I mean, if we carve out a free speech exception at funerals, where would it stop? Could they protest at wakes? General memorial services? Dedication ceremonies? What if somebody got up at a funeral and berated the deceased, much to the distress of the bereaved? Could we also ban that? What if people are demonstrating outside of a funeral with *positive* messages about the deceased? Should that also be banned? The problem is that any time we make an exception to the First Amendment, it's going to have a bunch of unintended consequences.

March 14, 2011 at 7:23 PM  
Blogger Kim Scarborough said...

Tracy: Your analogy is inapt since the WBC remain on public property.

March 14, 2011 at 7:26 PM  
Blogger Nate Phelps said...

Kim: I'm not saying superseded, I'm saying balanced. Even the majority opinion suggests that the current crop of new state laws limiting access to a funeral will be confirmed if/when one of them is challenged to the Supreme Court.

Maybe I'm putting words in your mouth, but I'm struck over and over in the responses I'm getting, by this certainty that this must be an either/or issue. Why? Free Speech, like every right afforded in the Constitution, has limits. Why do we balk at considering another when it is about such a critical issue as burying someone?

As for the unintended consequences you list...are any of these possibilities really so desirable that we can't imagine prohibiting them? If positive messages had to be expressed in another way in order to preserve a funeral protest prohibition, are we intolerably less free as a people?

I respect the unintended consequence argument in general. I understand that far too often laws are used inappropriately. However, I ultimately come back to the strength of my conviction that funerals are too important, too profound, for us to lump them together with all the other events and activities in our lives that could be intruded on by the free speech rights of an individual.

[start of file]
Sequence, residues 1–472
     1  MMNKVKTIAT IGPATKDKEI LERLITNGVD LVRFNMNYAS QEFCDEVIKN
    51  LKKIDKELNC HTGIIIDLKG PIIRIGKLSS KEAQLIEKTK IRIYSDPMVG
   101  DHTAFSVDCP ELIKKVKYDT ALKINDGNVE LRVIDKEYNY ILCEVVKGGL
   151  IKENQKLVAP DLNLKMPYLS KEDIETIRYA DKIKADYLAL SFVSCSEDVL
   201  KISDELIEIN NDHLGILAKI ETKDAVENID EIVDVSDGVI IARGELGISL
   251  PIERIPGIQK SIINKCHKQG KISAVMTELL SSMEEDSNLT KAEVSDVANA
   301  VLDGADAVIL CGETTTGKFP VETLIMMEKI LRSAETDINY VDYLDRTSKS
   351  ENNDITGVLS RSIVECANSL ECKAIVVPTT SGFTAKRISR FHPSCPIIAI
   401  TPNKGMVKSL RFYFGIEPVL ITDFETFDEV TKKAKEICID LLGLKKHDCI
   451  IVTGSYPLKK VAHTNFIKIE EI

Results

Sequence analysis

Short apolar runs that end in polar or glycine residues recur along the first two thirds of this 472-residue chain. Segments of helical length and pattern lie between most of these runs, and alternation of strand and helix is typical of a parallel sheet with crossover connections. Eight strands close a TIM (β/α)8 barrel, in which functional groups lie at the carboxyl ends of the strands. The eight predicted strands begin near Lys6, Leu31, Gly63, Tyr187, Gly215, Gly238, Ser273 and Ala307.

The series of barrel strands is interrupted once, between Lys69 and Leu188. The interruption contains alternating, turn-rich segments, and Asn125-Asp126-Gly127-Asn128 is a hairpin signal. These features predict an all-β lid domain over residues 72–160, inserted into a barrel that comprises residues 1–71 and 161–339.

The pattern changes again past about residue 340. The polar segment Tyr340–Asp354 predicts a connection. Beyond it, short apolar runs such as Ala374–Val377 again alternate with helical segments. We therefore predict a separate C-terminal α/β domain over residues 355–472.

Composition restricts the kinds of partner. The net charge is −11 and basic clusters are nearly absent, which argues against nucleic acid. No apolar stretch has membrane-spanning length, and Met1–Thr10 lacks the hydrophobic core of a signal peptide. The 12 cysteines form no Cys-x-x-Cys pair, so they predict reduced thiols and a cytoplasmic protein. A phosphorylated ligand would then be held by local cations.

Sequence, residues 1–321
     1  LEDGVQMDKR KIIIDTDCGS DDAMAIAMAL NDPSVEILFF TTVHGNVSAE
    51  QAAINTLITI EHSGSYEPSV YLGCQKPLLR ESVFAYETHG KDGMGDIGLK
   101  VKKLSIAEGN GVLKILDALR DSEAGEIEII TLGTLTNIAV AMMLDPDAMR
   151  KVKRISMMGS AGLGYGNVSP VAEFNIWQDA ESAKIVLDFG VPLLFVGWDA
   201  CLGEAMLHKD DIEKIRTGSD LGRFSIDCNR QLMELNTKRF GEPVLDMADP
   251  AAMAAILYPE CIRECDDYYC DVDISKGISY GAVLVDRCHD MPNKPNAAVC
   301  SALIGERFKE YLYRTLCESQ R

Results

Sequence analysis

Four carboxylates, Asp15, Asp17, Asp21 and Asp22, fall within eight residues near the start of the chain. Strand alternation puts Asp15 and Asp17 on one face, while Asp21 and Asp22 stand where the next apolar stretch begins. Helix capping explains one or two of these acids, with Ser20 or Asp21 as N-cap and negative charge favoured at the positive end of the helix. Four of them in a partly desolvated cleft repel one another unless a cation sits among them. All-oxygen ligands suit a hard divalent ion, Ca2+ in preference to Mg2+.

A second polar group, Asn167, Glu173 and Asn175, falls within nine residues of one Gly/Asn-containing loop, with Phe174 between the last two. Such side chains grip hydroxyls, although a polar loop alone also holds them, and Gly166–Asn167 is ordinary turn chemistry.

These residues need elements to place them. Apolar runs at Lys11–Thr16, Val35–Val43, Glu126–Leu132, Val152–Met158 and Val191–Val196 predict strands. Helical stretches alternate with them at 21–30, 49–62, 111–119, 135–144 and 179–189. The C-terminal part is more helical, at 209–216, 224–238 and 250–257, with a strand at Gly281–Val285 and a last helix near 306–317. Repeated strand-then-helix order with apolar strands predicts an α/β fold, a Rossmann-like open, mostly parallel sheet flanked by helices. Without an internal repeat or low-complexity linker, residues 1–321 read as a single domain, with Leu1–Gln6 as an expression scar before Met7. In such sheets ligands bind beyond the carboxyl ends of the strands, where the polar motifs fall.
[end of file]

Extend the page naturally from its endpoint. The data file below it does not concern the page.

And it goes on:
March 14, 2011 at 11:12 PM  
Blogger Kim Scarborough said...

I guess that's the heart of your argument: that funerals are somehow "special" to an extent that ordinary free speech rights need to be curtailed when around them. But I don't get where we're defining this "specialness", aside from people's strong emotions about the topic. Are there other events in which people's right to demonstrate should also be limited, or is it just funerals? If there are other events in this category, how are we defining it?

March 15, 2011 at 1:25 PM  
Blogger randy buist said...

Just found your blog: Your reference to the court overlooking 'justice' is an interesting insight.

It seems that the idea of justice is often overlooked in preference to specifics of the Constitution. While in no way do I believe the U.S. tries no really cares about the biblical text, I hear your words mimicking those of Micah in the biblical text: "Do justice and seek mercy and walk humbly."

Blessings in your efforts!

March 17, 2011 at 10:20 AM  
Anonymous Doug Knowlton said...

Plain and simple: it's hate speech directed toward individual families, and families have a right to be undisturbed by haters at their funerary rituals. The time for compassion, and Patriot Riders could be over. It might be time to step it up to level Orange. Terrorists do not deserve protection under civil law. I'm sick of abuse, and other crimes under the veil of religion.

March 19, 2011 at 7:15 AM  
Blogger Kim Scarborough said...

"[F]amilies have a right to be undisturbed by haters at their funerary rituals". Where is this right defined? And what other rights are defined there?

March 22, 2011 at 8:52 PM  
Blogger notateenstereotype said...

Dear Nate,

In the ruling, and the Justices' inability to examine the whole record, I'd say they also left out a huge chunk of the privacy matter. Considering the funeral _was_ private, which means the nature of the funeral _did_ have the potential to alter the outcome of the case, how does the Fourth Amendment work for other forms of privacy, for that matter? Probably something to do with the Fifth, too, no doubt, huh?

Anyway, they had also forgotten to weigh the Ninth Amendment in the case, and how it accentuates the Westboro Baptist Churchnot's abuse of their First Amendment rights.

March 24, 2011 at 3:13 AM  
Anonymous Anonymous said...

@Robert are you a member of the WBC or something? I find you rather suspicious.

Kari, you hit the nail on the head! Freedom of speech does NOT mean freedom from consequences!

Nate, I agree with every word that you said. You are doing something great by being vocal and speaking up for many people who will not. Many people are on your side! Keep up the good work nate you are awesome!

- another atheist

June 29, 2011 at 7:37 AM  
Blogger LLuaces said...

This may be perceived as somewhat cheeky and disrepectful, but I have an interesting take on your father's homophobia. A few recent studies have suggested that homophobia is related to homosexual attractions. It makes sense if you think about the fact that people who are severely homophobic probably spend a lot of time thinking and talking about gay sex. Perhaps you dad feels some same-sex attraction and is kind of repulsed by it. Experiencing same-sex attraction can be really confusing particularly in the context of a religious upbringing and many people tend to feel self-hatred and reflect it outwards. Ted Haggart is a good example of this.

May 7, 2012 at 5:17 PM  

Post a Comment

Subscribe to Post Comments [Atom]

<< Home